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June 16, 2014
Viewpoints: Explosions are not the only danger of natural gas leaks

San_Bruno_explosion.jpg(June 16 - By Tim O'Connor, Special to The Bee)

After the San Bruno pipeline explosion four years ago, California placed stronger requirements on utilities to fix leaks that pose an imminent danger to public safety. But explosions are not the only threat from natural gas pipeline leaks.

Methane, the primary component of natural gas, is an extremely potent climate-destabilizing pollutant and packs a much larger punch than carbon dioxide in trapping heat in the atmosphere over the first 20 years released. According to data from the Intergovernmental Panel on Climate Change, more than one-third of today's human-caused global warming comes from short-lived climate pollutants that include methane.

Changes to the laws following San Bruno focused on safety. When utilities find natural gas leaks that aren't likely to catch fire or explode, they don't have to fix them. Yet, these leaks present a serious climate issue, especially when you consider that California has more than 100,000 miles of natural gas pipes running throughout the state.

Thankfully, a proposed law is making its way through the Legislature with bipartisan support. Senate Bill 1371, authored by Sen. Mark Leno, would require utilities such as PG&E and Southern California Gas Co. to find and fix natural gas pipes that are leaking - even if there's no immediate public safety danger.

It is no secret that California, like many states, has an aging pipeline infrastructure. Because of the huge volumes of natural gas used by residences and businesses, even a small level of persistent natural gas leakage can yield emissions equivalent to the global warming pollution coming from more than a million passenger vehicles. Methane leaks could undo many of the benefits from California's landmark anti-pollution laws, and a failure to address them is a serious gap in our state's efforts to curb climate change.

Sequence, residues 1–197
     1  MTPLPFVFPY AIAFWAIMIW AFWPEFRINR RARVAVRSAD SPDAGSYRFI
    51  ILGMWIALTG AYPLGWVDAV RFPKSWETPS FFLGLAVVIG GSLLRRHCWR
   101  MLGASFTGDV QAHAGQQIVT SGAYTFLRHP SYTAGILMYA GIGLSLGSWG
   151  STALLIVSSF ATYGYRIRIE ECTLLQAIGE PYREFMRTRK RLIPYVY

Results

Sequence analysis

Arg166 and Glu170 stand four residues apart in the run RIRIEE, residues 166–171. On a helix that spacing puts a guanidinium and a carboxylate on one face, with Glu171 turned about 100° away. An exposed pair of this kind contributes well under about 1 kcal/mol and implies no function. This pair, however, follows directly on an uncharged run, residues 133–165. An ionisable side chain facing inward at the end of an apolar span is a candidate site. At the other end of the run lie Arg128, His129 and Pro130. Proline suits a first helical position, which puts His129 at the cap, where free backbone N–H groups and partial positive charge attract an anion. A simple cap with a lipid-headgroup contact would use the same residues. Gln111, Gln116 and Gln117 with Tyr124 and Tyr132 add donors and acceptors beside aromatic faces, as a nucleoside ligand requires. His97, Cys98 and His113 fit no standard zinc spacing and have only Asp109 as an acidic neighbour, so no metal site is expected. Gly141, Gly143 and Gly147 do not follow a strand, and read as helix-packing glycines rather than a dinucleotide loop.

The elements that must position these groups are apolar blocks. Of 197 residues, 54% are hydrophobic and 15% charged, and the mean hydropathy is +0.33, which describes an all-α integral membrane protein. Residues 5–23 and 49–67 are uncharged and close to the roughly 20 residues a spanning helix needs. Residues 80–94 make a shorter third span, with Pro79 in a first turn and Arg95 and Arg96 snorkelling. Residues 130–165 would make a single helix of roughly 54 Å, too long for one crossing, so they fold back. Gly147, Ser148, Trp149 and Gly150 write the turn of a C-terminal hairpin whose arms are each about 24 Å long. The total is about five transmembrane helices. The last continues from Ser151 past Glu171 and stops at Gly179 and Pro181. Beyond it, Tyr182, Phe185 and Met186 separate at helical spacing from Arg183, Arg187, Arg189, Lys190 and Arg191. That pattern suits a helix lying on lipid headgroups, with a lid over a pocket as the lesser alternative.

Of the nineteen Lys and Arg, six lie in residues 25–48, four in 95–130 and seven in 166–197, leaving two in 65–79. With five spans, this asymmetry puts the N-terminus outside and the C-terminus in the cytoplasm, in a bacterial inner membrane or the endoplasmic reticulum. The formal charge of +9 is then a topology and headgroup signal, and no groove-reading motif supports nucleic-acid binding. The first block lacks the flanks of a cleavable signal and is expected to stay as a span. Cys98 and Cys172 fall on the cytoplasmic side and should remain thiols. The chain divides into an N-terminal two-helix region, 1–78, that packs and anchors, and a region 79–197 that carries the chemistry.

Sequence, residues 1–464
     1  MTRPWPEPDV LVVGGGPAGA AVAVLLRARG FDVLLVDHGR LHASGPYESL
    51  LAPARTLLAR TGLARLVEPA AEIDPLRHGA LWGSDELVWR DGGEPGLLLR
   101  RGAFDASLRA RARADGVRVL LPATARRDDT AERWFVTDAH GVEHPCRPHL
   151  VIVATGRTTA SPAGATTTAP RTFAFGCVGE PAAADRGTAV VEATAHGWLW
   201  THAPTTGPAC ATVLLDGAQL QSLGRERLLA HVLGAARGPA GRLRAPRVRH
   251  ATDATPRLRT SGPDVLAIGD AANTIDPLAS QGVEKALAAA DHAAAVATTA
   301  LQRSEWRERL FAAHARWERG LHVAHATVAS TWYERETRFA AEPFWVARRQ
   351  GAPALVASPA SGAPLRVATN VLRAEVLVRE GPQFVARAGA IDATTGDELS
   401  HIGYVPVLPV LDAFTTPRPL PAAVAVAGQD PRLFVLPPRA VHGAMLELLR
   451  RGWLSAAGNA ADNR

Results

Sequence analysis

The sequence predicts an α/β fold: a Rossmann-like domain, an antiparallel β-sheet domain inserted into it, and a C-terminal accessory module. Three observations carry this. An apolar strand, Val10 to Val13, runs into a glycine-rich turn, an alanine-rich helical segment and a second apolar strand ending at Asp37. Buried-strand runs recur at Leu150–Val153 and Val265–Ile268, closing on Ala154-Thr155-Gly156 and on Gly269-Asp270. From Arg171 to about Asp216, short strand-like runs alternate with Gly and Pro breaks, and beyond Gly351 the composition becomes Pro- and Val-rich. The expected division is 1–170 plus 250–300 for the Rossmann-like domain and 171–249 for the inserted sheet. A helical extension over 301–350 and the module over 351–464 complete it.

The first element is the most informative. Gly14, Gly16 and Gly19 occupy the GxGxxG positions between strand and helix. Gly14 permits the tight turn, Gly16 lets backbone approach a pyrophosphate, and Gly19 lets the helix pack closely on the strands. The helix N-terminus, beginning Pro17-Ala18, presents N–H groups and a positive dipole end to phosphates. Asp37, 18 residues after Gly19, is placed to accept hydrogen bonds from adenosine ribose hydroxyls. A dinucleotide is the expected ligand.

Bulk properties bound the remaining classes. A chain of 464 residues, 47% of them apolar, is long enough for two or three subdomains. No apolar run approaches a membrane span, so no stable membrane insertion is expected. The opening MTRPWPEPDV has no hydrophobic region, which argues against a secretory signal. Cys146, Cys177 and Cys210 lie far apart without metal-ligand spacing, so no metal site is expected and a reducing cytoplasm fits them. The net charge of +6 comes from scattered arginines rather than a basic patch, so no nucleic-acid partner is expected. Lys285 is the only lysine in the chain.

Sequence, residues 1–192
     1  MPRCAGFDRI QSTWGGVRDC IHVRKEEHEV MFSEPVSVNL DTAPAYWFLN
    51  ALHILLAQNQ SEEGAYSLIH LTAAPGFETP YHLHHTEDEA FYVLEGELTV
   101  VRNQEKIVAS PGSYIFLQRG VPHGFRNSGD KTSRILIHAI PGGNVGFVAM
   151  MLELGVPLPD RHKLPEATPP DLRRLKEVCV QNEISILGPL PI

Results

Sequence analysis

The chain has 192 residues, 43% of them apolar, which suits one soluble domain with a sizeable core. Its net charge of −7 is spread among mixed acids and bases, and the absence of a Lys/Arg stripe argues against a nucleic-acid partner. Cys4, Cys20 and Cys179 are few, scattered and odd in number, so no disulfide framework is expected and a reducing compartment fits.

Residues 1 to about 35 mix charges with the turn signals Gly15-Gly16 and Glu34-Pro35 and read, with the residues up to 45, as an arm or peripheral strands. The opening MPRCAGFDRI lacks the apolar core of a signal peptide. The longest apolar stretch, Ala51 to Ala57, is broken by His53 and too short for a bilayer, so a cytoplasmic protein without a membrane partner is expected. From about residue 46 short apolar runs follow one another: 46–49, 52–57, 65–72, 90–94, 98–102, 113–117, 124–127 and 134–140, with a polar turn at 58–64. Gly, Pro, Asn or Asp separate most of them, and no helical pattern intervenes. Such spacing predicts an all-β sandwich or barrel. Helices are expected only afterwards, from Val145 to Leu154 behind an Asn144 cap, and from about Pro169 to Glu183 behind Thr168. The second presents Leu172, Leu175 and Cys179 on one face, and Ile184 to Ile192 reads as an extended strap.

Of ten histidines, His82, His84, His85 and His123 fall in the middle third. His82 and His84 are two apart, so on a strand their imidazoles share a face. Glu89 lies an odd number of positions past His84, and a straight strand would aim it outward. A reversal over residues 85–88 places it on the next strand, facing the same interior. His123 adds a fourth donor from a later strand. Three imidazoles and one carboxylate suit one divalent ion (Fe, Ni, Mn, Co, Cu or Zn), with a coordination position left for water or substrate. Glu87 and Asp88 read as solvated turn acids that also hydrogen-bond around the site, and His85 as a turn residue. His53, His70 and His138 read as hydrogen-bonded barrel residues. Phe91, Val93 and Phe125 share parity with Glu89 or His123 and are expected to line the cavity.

There are also significant financial repercussions. Even at low natural gas prices, due to the huge volume of gas used in the state and the widespread nature of leaks, methane emissions equate millions of dollars' worth of lost revenue - an amount that California consumers are charged in their monthly utility bills. SB 1371 would require utilities to use best practices to identify leaks, fix them on a timely basis and track progress, reducing the waste of this important energy resource.

The good news is fixing leaks does not need to be financially burdensome to the utilities. There are low-cost strategies to identify and repair leaking pipes. Utilities can and should be prioritizing the biggest leaks, fixing the ones that are the most cost-effective and environmentally beneficial. They should also be tracking their system-wide leak rates over time and making sure there is an adequate work force to fix leaks when they are discovered. SB 1371 would require all of these measures.

California is not alone in confronting the problem of methane leaks. The White House recently released a strategy that outlines steps and a schedule that the U.S. Environmental Protection Agency and Departments of Energy and Interior will follow to reduce these emissions from several sectors, including oil and gas, the largest industrial source of U.S. methane emissions.

While methane emissions may not always pose an immediate danger to the public, the long-term effects on our climate and associated extreme weather patterns cannot be ignored. SB 1371 is forward-thinking legislation that is a logical next step in California's leadership in addressing climate change. It should be passed into law.

Tim O'Connor is director of the California Climate Initiative at the Environmental Defense Fund.